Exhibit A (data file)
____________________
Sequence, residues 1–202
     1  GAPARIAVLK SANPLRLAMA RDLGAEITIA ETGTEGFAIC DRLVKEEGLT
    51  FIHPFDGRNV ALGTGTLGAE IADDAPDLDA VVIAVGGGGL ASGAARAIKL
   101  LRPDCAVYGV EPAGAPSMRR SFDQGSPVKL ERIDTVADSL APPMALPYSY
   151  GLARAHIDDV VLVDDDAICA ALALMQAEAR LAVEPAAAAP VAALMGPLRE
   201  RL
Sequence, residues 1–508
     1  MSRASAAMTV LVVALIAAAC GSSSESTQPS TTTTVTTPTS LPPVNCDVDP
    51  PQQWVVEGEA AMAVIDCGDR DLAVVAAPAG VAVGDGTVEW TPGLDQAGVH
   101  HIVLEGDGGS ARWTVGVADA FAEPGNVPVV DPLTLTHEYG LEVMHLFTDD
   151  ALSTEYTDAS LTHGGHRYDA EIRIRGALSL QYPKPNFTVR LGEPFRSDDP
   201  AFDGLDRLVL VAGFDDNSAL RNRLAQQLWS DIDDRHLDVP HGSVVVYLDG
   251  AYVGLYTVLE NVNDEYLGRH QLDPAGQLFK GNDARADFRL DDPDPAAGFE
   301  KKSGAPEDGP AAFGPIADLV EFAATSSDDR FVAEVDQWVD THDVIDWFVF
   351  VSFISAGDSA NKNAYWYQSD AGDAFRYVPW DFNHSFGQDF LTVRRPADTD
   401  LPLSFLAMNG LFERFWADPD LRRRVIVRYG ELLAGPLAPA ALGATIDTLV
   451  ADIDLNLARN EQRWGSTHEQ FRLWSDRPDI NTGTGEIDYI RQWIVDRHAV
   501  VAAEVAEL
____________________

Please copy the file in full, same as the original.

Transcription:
Sequence, residues 1–202
     1  GAPARIAVLK SANPLRLAMA RDLGAEITIA ETGTEGFAIC DRLVKEEGLT
    51  FIHPFDGRNV ALGTGTLGAE IADDAPDLDA VVIAVGGGGL ASGAARAIKL
   101  LRPDCAVYGV EPAGAPSMRR SFDQGSPVKL ERIDTVADSL APPMALPYSY
   151  GLARAHIDDV VLVDDDAICA ALALMQAEAR LAVEPAAAAP VAALMGPLRE
   201  RL
Sequence, residues 1–508
     1  MSRASAAMTV LVVALIAAAC GSSSESTQPS TTTTVTTPTS LPPVNCDVDP
    51  PQQWVVEGEA AMAVIDCGDR DLAVVAAPAG VAVGDGTVEW TPGLDQAGVH
   101  HIVLEGDGGS ARWTVGVADA FAEPGNVPVV DPLTLTHEYG LEVMHLFTDD
   151  ALSTEYTDAS LTHGGHRYDA EIRIRGALSL QYPKPNFTVR LGEPFRSDDP
   201  AFDGLDRLVL VAGFDDNSAL RNRLAQQLWS DIDDRHLDVP HGSVVVYLDG
   251  AYVGLYTVLE NVNDEYLGRH QLDPAGQLFK GNDARADFRL DDPDPAAGFE
   301  KKSGAPEDGP AAFGPIADLV EFAATSSDDR FVAEVDQWVD THDVIDWFVF
   351  VSFISAGDSA NKNAYWYQSD AGDAFRYVPW DFNHSFGQDF LTVRRPADTD
   401  LPLSFLAMNG LFERFWADPD LRRRVIVRYG ELLAGPLAPA ALGATIDTLV
   451  ADIDLNLARN EQRWGSTHEQ FRLWSDRPDI NTGTGEIDYI RQWIVDRHAV
   501  VAAEVAEL